Destiny Has No Beeper

Something about the arrival of spring tends to bring out thoughts of renewal. Of fresh perspectives and new beginnings. Of making grand plans for change.

I picture myself leaping out of bed like some kind of cartoon, throwing open the curtains on a new spring morning to greet the rising sun. I’ll stand before the window, sipping from a mug of coffee with both hands as I contemplate the dewy buds on the trees and listen to the joyful chatter of birds, and I think to myself, Yes, this is it; this is the year everything’s going to be different, and I’m going to finally do all these things I’ve been wanting to do forever. This is the dawn of my new perfect life.

But then eventually I go to work, and things happen, the momentum disappears, and the reality of spring being more about endless days of cold rain and mud begins to take hold. Even the best intentions succumb to forces of nature.

Stuff happens. Sometimes that stuff is distraction, sometimes it means we suffer a loss. But just as often that stuff is opportunity, and sometimes it is all those things at the same time. The question is if we’ll be too busy trying to make something grand happen that we don’t notice the opportunity when it appears.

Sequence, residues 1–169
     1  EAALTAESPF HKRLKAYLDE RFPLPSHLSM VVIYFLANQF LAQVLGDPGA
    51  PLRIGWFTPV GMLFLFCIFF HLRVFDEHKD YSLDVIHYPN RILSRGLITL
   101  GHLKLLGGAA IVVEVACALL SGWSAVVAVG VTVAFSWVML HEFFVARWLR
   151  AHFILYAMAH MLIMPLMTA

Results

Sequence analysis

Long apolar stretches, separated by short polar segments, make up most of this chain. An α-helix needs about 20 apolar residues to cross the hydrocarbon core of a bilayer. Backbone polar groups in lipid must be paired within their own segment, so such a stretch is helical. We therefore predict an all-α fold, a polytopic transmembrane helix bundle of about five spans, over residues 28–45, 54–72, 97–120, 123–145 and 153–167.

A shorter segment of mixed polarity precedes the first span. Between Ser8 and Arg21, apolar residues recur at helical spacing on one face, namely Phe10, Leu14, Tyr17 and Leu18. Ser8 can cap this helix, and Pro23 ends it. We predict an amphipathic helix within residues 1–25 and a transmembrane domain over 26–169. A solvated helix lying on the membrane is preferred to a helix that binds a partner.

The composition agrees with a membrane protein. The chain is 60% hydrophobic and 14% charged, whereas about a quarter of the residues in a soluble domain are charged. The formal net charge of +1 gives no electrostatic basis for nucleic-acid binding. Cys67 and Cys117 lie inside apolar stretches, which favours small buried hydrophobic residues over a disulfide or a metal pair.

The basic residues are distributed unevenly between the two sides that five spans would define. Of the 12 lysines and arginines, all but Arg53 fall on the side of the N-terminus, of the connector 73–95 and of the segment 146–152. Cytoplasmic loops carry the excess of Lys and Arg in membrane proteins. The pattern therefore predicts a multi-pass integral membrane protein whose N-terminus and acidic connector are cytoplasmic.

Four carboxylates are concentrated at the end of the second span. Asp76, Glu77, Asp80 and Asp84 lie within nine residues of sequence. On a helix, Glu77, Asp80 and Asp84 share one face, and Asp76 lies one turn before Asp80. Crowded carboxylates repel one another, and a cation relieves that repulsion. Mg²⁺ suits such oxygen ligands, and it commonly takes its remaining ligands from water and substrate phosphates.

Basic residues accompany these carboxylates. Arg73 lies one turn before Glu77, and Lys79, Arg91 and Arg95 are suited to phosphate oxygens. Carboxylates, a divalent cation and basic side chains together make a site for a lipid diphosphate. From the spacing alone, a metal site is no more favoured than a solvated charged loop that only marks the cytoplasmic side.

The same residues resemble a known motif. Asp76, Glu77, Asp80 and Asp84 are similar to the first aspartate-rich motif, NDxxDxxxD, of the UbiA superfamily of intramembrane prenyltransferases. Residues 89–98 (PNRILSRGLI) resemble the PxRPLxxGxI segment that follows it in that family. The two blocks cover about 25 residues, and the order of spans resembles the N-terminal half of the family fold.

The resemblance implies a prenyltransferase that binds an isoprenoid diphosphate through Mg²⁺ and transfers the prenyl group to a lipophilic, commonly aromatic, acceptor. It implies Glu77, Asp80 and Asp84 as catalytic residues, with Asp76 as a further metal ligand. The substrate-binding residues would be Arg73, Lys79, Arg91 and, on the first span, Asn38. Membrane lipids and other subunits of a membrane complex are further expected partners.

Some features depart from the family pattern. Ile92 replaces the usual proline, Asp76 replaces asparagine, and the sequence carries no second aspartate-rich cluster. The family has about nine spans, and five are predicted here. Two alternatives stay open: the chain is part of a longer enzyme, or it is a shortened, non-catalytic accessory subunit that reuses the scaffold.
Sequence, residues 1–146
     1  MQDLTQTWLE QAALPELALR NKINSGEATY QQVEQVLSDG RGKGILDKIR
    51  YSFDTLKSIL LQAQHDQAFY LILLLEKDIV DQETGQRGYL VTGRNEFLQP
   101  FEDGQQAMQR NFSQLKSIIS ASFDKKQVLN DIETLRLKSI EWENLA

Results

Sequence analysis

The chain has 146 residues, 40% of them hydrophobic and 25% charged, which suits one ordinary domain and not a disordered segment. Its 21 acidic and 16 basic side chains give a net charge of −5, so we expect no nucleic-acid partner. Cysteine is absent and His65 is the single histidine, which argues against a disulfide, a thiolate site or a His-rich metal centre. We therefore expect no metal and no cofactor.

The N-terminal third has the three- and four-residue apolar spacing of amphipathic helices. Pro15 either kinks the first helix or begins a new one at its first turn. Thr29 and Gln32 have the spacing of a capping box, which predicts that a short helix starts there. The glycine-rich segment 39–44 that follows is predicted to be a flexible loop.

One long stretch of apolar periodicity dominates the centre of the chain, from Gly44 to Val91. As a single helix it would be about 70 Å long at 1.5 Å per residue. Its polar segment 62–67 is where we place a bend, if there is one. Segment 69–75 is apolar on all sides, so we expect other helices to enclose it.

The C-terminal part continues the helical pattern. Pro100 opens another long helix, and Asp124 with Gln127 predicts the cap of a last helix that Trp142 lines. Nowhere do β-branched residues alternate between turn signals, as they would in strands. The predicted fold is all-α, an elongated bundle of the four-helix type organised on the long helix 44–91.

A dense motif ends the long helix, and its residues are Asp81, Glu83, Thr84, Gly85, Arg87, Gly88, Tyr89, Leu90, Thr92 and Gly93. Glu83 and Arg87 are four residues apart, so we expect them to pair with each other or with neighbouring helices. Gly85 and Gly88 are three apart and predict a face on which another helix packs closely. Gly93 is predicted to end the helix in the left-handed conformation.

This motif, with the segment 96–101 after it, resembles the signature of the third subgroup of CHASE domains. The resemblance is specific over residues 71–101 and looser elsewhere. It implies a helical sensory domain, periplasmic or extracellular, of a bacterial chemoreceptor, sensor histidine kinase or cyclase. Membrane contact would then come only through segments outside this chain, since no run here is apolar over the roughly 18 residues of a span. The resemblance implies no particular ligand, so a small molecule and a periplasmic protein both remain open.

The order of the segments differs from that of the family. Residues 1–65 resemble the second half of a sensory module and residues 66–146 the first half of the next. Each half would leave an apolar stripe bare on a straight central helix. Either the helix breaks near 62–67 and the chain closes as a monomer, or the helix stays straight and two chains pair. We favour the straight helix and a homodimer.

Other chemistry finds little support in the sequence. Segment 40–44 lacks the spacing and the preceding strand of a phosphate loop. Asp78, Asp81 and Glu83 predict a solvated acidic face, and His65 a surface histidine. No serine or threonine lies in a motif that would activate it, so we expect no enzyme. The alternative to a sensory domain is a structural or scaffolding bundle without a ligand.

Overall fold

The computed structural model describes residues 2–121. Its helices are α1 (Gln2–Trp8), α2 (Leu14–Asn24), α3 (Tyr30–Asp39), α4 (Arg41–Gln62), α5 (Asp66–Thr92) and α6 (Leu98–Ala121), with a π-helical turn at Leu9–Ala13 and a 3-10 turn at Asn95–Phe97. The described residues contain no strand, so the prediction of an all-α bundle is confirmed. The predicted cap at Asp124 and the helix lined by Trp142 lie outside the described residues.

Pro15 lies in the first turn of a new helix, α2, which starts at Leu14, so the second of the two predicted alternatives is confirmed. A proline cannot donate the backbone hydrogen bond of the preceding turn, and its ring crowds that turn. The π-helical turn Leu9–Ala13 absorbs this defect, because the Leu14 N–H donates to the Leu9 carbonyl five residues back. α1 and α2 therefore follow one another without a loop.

I recently finished re-reading David Foster Wallace’s Infinite Jest and this bit stuck out to me:

“Almost nothing important that ever happens to you happens because you engineer it. Destiny has no beeper; destiny always leans trenchcoated out of an alley with some sort of Psst that you usually can’t even hear because you’re in such a rush to or from something important you’ve tried to engineer.”

I think he’s on to something. Nobody goes looking for that trenchcoated figure in an alley, but we must be open to the interruption from certainty it provides.

Too much certainty is a dangerous thing. I’m going set goals, but I’m not going to overplan how I acheive them. My only plan is to work toward them, and let the path from here to there take its own shape.

Dear Eric

It has now been one year since you died. I’m not sure we’ll ever know what happened to you, only that you were alone when your car left the road late at night, hit something at high speed, and you weren’t wearing a seatbelt. You didn’t survive. You were only a little more than a year older than me.

In some ways I’m surprised it’s only been one year since the accident; so much has happened in the past twelve months it feels like your death happened in a whole different world than where we are now. But emtionally, this anniversary is touching something raw within me, this first loop around the calendar back to a date I had pushed away from my mind. I think it was the suddenness of it, the shock, the seeming randomness of your accident that knocked me off balance.

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